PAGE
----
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Wednesday, July 12, 2017

Mother, Take Me to See People Set Up the Fair—


Let's go: 
Please, Mother, take me to see those people set up the State Fair;
move horses, plant flowers, raise tents.


She responds as kindly as she can:
(tables full of vegetables, jars, and lids; canner-cooker steaming on the stove)
Dear son, I can’t take you to the fairgrounds. I have all this work in the kitchen. I'll take you with your sisters—next week when the fair opens. Please play here close to home.

Out to the yard:
Impatient, I return and plead; go out, return, and plead again.

A Compromise:
No, Son, but I'll pack you two fine picnics. You and Buddy can walk two blocks to the park.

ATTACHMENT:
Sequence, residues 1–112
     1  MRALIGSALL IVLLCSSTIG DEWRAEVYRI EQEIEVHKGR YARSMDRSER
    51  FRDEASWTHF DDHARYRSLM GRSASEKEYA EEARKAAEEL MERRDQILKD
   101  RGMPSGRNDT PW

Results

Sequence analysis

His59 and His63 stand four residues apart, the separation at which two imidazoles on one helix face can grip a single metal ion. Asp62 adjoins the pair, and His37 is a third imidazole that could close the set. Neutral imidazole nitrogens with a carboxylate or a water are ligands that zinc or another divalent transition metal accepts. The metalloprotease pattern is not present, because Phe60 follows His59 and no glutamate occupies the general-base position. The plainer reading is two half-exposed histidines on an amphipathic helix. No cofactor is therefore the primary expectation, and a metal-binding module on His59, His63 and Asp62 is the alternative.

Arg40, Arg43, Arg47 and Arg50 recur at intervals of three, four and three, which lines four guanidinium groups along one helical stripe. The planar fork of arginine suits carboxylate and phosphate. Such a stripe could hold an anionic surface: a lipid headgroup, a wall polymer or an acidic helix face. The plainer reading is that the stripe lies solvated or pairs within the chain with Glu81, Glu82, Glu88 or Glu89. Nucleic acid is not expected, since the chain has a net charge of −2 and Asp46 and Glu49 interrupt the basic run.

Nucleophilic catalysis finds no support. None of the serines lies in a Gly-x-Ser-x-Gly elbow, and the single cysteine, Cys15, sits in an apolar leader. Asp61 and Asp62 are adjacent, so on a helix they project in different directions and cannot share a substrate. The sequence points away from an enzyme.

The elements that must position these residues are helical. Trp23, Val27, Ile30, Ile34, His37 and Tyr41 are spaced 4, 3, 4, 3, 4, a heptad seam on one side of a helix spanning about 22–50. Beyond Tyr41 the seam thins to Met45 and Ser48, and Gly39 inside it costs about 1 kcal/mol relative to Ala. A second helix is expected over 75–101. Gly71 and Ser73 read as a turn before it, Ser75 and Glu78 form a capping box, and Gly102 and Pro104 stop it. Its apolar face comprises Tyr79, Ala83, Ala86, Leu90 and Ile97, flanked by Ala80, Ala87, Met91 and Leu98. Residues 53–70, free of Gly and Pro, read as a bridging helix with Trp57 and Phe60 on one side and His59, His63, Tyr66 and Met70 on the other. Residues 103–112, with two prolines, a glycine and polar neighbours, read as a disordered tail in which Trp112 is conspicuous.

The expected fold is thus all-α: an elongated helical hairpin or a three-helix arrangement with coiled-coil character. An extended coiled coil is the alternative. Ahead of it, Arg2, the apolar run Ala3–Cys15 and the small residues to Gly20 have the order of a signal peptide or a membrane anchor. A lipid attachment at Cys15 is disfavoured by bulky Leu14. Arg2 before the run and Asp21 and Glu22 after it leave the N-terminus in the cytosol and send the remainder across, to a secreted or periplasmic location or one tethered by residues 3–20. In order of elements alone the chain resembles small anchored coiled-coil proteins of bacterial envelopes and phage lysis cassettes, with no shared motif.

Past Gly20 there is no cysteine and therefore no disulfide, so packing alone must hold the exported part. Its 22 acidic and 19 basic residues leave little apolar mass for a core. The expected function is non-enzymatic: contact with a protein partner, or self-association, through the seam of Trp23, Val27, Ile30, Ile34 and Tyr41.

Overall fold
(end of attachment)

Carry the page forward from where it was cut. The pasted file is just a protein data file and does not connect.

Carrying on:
Through Buddy's yard to Minnehaha:
Across Pascal Street and Albert Street to bible-school park.

We play:
Imagining forts and caves where others see only giant clusters of lilac bushes.

Let's go:
I know the way. Minnehaha, right on Snelling, over the railroad, past the gravel pit. I went by the fairgrounds with my Dad when we went fishing. He told me all he saw there when he was a kid.—

The big gate is wide open:
Sheep! horses! cows! rabbits! chickens! Dancing, practicing tractors! Smells of manure and wood shavings! Busy men with leather faces!

Let's go home:
There's a gate.

Not the same one ...
Excuse me, mister, which way to Snelling?

A stop at the gravel pit to play army, throw rocks:
It's getting dark. I'm hungry. Let's climb out and run home before … Up there, isn't that your mother? Dad's car? Mom! Running this way!

She calls me her naughty five-year-old:
She says she should spank me
but cries and gives me a hug.
I want to say I'm sorry
but can only tell her about all the fun.
Let's go home now to supper!






(c) from date of posting, by Bob Komives, Fort Collins 

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